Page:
ROCHESTER, N.Y. (WROC) — Starting April 6, New Yorkers ages 16 and up are eligible to receive the COVID-19 vaccine.
Many parents wonder if the vaccine is safe for their children. NEWS10’s sister station in Rochester put that question and others to Dr. Mathew Devine, the Medical Director at Highland Family Medicine.
What is the latest on vaccine in children?
Starting Tuesday, April 6, children at the age of 16 and up in New York are eligible for the COVID-19 vaccine. The 16-17 age group will be eligible for the Pfizer vaccine only. Adults 18 or over can get any of the approved vaccines at this time.
Are the vaccines safe for kids that age?
Yes, they are. These vaccines have been tested using the same research process that was performed earlier for the initial rollout for these vaccines. Studies are ongoing but the results are showing fewer potential side effects and better prevention of being fully protected from COVID-19 once vaccinated.
Do kids sign up the same way adults do, or do they go through their pediatrician?
Most office practices do not have vaccines at this time. Therefore, sign-ups are similar to the adult process. Using the state website will help explain the signup process. For the 16 and 17-year-olds, they do need consent from their parents to get the vaccine.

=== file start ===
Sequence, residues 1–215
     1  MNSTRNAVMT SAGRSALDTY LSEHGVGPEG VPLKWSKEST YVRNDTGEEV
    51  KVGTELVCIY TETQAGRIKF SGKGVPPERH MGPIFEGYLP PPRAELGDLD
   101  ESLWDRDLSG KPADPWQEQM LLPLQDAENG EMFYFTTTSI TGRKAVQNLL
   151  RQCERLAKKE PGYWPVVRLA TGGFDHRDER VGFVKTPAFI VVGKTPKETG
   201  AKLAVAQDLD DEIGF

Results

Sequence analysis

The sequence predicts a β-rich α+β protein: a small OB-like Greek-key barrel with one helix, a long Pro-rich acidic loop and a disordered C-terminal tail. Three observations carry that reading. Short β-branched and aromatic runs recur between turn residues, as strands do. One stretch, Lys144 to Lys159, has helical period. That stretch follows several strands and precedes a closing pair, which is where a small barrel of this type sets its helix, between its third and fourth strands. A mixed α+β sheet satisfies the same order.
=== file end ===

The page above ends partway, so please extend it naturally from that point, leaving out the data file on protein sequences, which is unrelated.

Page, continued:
When it comes to side effects/risks, are there different concerns for kids vs. adults?
Side effects from the vaccine are still minimal and the risks are low in all populations. The highest risks are body aches and soreness from the vaccination site. Children will still need to be observed after their injections and will still need two doses of the Pfizer vaccine.
What about kids under 16? When might they be eligible? What needs to happen first?
Preliminary studies of the Moderna vaccine were effective and safe in children 12-15. Additional studies are starting on the under 12 age group. The emergency use process has started and as soon as granted by the FDA then this can be rolled out to these age groups.
Why is this important?
Monroe County still has around a 2% rate of COVID cases in the community. These cases are now affecting a younger group since the older populations have been vaccinated. With some of the strains of COVID-19, we need to continue to vaccinate as many as quickly as possible. With ongoing social distancing measures, this will help to get our rates down to avoid a fourth surge locally as seen in other parts of the country.